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Russian stocks, ruble jump after report Trump halted further sanctions

  • Russian stocks, ruble jump after Trump reportedly overturns U.S. effort to place further sanctions on Russia.
  • The Washington Post reported that Trump told advisors he was upset about sanctions being officially rolled out because he was not yet comfortable with them.
  • The U.S. is now likely to hold back on any further sanctions until Russia does something provocative, the report says.
  • The Russian stock market is down 12 percent since the last round of sanctions was announced April 6.
President Donald Trump speaks to the press with Vice President Mike Pence (L), in the Diplomatic Room of the White House on March 23, 2018 in Washington, DC.
Getty Images
President Donald Trump speaks to the press with Vice President Mike Pence (L), in the Diplomatic Room of the White House on March 23, 2018 in Washington, DC.

Russian stocks trading in the U.S. and the ruble jumped after a report that President Donald Trump would not extend further economic sanctions on Russia, contradicting comments from Nikki Haley, the U.S. ambassador to the United Nations.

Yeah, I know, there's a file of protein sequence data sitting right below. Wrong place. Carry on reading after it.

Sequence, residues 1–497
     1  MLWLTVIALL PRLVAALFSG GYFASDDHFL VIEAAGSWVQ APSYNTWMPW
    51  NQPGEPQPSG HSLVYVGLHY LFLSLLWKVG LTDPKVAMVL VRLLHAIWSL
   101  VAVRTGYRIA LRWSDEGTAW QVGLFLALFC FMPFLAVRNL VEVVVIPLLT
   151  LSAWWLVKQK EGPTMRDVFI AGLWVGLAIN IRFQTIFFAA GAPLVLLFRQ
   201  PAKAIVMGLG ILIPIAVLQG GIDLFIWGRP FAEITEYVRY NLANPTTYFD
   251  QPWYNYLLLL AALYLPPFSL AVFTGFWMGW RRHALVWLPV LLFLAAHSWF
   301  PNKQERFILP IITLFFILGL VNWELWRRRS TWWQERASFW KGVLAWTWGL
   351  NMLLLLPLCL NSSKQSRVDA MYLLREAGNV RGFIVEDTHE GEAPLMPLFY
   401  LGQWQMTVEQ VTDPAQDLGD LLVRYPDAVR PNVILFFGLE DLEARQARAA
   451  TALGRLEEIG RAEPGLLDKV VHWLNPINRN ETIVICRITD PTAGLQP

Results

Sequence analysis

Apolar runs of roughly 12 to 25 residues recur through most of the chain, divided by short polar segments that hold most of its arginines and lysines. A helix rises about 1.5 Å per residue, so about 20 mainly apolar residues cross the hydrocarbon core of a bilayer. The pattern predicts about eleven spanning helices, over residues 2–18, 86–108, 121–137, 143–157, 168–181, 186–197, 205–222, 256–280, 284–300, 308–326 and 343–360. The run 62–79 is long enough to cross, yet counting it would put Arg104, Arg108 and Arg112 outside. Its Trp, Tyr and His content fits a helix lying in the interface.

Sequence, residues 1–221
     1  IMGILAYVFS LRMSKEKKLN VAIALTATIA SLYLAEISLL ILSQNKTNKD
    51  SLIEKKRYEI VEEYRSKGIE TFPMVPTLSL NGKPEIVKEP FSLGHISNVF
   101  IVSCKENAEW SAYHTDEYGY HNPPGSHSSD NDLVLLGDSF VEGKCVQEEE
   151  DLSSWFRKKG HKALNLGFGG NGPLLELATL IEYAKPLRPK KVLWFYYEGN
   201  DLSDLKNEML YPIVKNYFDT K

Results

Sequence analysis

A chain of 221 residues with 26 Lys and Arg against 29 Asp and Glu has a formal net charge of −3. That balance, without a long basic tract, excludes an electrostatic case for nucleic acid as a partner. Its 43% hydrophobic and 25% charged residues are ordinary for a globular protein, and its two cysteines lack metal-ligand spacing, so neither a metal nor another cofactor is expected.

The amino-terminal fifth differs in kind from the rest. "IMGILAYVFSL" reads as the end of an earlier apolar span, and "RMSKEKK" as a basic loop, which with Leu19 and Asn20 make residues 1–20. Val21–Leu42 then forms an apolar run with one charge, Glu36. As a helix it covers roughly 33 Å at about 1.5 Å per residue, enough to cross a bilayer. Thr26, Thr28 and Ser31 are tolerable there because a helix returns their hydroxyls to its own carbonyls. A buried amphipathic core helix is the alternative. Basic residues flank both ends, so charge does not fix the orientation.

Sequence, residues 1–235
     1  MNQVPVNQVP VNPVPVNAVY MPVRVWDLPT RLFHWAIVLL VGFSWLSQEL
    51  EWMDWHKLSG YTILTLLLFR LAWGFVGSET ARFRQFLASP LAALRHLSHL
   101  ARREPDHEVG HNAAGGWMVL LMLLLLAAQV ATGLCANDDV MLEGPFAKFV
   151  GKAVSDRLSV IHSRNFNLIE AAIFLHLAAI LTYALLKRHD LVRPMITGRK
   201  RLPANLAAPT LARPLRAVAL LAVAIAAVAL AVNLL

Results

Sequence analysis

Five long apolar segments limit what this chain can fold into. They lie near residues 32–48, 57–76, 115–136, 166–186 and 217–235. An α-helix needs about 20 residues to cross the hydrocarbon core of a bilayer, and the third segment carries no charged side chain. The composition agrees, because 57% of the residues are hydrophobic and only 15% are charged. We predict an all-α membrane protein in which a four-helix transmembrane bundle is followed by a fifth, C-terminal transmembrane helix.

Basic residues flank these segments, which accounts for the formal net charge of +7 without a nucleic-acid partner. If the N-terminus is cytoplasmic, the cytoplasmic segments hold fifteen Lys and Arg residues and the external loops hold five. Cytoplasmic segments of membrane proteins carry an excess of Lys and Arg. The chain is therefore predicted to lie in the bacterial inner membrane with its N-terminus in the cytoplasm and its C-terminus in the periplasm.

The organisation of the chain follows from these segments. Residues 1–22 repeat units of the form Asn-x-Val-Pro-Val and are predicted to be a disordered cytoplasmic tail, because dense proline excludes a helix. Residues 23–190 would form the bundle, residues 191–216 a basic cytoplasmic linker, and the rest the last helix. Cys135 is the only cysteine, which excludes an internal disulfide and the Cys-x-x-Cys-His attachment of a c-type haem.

The VanEck Vectors Russia ETF reversed earlier losses and jumped 1.6 percent, while the iShares MSCI Russia Capped ETF was up nearly 1 percent. The ruble rose 1.5 percent against the dollar.

Haley on Sunday had said new sanctions were coming to punish Russia for its support of Syrian President Bashar Assad's government over the use of chemical weapons.

But The Washington Post quoted unnamed sources saying that Trump met with his national security team Sunday and told them he was upset about sanctions being officially rolled out, saying he was not yet comfortable with them. The Post quoted administration officials saying that Trump would not likely approve any further sanctions, without another provocative action from Russia that could trigger them.

Russian stocks have been under serious pressure, and the ruble has fallen since the U.S. sanctioned Russian oligarchs and businesses for supporting Assad and also meddling in the U.S. election. Russian stocks are down about 12 percent since the April 6 announcement, and the ruble is down about 5 percent against the dollar in that period.

Peter Donisanu, global market analyst at Wells Fargo, said the sanctions limit liquidity for the financial sector and could potentially strain the sector. He said he is neutral on the emerging European, Middle East and Africa region, of which Russia is a part.

"There's more going on here than just a couple of tweets, and really, at this point, pay attention to the reaction more than what's being said," Donisanu said.

One reaction has been a steep jump of more than 20 percent in aluminum, after Russia's Rusal, the world's second-largest aluminum producer, was caught up in the sanctions. Rusal produces about 6 percent of the world's aluminum.

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